Sometimes I become lulled into thinking that I’ve got used to living in China and that I will no longer be surprised by what I see. But I was jolted out of my complacency this afternoon in Metro. I noticed a young woman in front of me at the checkout changing from slippers, new furry ones picked up in the store, back to her own ankle boots. I naively imagined that she would pay for the slippers along with her shopping. But no, once all her stuff had been put through, she gave back the slippers to the guy on the till. She’d just been wearing them to be comfortable in the shop! No one batted an eyelid.
At the weekend we renewed our acquaintance with Landlady’s Dad, who appeared on Saturday afternoon in charge of The Installation of the New Water Heaters. Two young plumbers were in attendance, one wearing ear muffs against the cold. It quickly became obvious why, as none of them made any attempt to keep the outside door closed. Every time I got up to close it, they quickly reopened it. Why would you want to heat your house? Fintan and I sat shivering on the sofa, a couple of bit players in the main drama being enacted in our flat.
Landlady’s Dad strode around, shouting into his mobile phone and occasionally at Young Plumber with Ear Muffs, now engaged in making maximum mess in our bathrooms. It didn’t occur to him to cover anything up, and soon the toilet cistern and surrounding accessories were covered in thick red dust. Once the water heaters were in place, Landlady’s Dad called me over to look at the fancy new digital remote control, covered in Chinese characters. Clearly he had no idea how to use it himself, and hilariously while Young Plumber demonstrated the temperature up and down arrows, Landlady’s Dad told me that my husband would know how to use it….. Young Plumber was quickly paid off and LD casually assured me that the old tanks now filling up our spare bathroom floor would be collected tomorrow. No one mentioned the mess.
There are little piles of post-construction debris all around our compound and out on the street and by the new mall. Often a bit of the pavement gets dug up and then no one bothers to clear up the excess cement or left over pieces of stone. We were just experiencing the same phenomenon on a domestic scale. LD picked up pieces of spare pipe, a new shower head, wire and screws and offered them to retreating Young Plumber. ‘Bu yong. Not needed,’ he shrugged.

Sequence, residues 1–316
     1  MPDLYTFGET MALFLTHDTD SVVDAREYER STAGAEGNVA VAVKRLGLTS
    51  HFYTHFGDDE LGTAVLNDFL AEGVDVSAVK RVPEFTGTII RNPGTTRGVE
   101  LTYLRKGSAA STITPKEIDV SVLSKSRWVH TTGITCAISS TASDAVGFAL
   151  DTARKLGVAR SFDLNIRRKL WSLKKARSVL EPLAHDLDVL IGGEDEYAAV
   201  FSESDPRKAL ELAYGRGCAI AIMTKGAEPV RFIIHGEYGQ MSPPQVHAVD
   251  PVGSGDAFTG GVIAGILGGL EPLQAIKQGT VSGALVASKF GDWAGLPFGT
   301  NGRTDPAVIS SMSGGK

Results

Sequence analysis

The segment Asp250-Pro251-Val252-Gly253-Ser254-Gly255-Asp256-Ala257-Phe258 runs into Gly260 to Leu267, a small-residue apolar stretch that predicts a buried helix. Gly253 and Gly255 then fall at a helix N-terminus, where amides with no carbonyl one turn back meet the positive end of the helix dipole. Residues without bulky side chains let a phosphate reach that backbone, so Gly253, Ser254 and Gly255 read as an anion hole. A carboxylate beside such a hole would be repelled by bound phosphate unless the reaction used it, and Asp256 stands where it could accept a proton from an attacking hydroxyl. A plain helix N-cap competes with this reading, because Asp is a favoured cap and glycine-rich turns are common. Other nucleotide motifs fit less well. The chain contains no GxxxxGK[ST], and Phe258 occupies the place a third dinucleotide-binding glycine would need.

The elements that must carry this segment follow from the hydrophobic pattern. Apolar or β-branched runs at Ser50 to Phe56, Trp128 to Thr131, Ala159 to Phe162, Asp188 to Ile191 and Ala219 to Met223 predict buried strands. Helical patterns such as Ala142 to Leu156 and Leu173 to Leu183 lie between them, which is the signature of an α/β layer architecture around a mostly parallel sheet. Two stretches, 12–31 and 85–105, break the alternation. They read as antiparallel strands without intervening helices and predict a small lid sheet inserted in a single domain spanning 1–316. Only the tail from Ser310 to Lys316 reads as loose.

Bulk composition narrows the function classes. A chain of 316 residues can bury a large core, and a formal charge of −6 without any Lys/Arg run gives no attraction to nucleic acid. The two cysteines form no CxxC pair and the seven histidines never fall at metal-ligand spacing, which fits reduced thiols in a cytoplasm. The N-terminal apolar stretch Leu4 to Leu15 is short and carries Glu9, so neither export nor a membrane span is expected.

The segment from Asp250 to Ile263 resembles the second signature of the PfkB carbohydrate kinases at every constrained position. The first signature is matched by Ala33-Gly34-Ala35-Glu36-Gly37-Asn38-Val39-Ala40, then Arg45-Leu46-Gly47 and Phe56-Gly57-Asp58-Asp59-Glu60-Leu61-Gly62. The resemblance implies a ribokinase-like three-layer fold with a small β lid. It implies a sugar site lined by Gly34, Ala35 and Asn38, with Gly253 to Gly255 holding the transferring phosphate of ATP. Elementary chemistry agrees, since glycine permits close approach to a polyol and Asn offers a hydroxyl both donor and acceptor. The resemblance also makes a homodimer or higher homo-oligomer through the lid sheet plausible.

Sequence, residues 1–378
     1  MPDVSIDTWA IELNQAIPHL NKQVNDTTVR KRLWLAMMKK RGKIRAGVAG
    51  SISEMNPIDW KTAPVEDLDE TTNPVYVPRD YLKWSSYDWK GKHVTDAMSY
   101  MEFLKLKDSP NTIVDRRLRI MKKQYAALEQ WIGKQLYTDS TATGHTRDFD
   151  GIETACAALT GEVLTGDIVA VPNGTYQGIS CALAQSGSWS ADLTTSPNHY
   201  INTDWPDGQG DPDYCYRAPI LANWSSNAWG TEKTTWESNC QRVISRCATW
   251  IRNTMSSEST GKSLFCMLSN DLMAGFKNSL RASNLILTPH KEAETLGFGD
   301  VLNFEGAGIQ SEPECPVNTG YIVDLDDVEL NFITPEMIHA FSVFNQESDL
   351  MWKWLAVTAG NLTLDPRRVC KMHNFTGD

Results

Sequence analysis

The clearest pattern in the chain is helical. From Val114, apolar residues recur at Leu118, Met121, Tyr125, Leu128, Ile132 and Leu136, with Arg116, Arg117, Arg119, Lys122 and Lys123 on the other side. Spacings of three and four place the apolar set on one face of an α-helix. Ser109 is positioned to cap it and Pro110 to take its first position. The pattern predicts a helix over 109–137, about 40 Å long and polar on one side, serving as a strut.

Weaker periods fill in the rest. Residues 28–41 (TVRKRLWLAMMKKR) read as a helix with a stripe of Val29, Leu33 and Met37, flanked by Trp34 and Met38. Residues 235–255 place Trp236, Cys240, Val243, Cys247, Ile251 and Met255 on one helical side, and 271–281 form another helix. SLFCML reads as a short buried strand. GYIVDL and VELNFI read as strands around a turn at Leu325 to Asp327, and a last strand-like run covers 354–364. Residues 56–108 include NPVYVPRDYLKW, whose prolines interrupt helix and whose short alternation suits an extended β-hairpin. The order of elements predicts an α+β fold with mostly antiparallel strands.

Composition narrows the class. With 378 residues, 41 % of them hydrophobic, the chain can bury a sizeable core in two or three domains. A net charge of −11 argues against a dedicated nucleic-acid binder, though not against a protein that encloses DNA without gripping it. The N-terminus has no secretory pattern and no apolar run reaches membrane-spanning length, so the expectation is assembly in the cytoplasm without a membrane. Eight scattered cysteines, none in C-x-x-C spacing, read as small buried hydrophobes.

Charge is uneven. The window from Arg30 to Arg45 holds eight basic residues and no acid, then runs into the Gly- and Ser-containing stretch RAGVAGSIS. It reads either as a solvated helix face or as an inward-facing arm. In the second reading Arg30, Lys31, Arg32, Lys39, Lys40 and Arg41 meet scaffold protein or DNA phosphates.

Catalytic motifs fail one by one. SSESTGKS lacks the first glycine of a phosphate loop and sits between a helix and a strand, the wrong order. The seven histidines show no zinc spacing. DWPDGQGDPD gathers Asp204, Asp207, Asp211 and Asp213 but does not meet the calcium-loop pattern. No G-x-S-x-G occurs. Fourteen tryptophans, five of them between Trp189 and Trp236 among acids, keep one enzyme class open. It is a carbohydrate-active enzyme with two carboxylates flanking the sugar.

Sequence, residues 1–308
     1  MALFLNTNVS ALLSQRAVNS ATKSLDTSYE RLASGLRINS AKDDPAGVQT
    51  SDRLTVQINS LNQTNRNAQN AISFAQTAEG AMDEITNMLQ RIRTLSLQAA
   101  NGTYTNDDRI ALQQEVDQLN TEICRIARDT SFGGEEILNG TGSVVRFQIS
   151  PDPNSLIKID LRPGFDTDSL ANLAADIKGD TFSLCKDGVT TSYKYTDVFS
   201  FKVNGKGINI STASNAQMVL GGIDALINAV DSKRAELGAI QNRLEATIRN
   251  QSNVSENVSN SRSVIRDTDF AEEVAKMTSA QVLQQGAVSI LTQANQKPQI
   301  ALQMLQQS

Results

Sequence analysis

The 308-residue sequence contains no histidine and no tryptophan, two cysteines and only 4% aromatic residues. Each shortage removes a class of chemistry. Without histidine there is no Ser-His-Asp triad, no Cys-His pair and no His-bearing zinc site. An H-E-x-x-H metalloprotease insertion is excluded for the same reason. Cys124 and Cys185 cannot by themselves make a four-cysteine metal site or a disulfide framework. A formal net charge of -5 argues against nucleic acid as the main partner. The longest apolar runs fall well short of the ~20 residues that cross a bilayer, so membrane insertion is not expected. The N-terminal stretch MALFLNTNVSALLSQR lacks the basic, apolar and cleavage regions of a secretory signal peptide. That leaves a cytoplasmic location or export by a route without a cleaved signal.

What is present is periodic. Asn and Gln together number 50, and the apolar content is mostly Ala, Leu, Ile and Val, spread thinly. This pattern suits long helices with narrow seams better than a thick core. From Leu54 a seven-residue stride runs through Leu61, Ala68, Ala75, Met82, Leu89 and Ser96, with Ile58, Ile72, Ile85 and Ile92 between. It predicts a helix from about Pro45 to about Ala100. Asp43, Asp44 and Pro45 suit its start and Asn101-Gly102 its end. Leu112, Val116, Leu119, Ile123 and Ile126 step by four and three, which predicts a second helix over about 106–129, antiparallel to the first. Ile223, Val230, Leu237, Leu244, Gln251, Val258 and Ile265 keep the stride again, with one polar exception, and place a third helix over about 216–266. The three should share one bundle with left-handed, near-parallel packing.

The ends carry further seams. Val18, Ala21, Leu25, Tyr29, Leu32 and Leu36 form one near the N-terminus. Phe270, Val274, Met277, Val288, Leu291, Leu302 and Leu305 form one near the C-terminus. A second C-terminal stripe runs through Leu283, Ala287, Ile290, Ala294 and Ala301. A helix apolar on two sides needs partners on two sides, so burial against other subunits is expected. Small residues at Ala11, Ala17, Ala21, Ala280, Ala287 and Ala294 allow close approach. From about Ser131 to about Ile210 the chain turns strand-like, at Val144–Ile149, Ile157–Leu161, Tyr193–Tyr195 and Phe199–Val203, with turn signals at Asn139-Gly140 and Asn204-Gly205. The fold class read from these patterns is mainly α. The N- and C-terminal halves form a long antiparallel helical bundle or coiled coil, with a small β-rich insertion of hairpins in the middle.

Meanwhile, two days later Alice continues attempts to negotiate the removal of the old tanks, in between making arrangements for her recently announced and to us, unexpected, marriage. At one point she was checking out when the plumber might arrive, while posing for her wedding photos somewhere in Ningbo. I was profoundly embarrassed at the intrusion; she was completely unphased. We have been invited to a party in March that will take place after the honeymoon. Colleagues tell us that Fintan should prepare to make a speech. The actual marriage is apparently an unaccompanied visit by the couple to register and get a licence and seems already to have taken place. While we fly to India, Alice and her husband will take a honeymoon in The Maldives. Apparently Chinese people don’t need a visa to go there; someone has spotted the potential for Chinese tourists. A pity the Indian government don’t take the same view. She will return in time, as a good daughter and daughter-in-law, to spend the Chinese New Year with family.
Meanwhile, the new water heaters work extremely well and once more we are enjoying hot showers. One last surprise – unlike every other appliance in the flat, the heaters are A rated – the best for the environment. In the short term the installation caused a commotion and took us time to clear up, but in the longer term maybe it represents a chink of light in China’s environmental problems.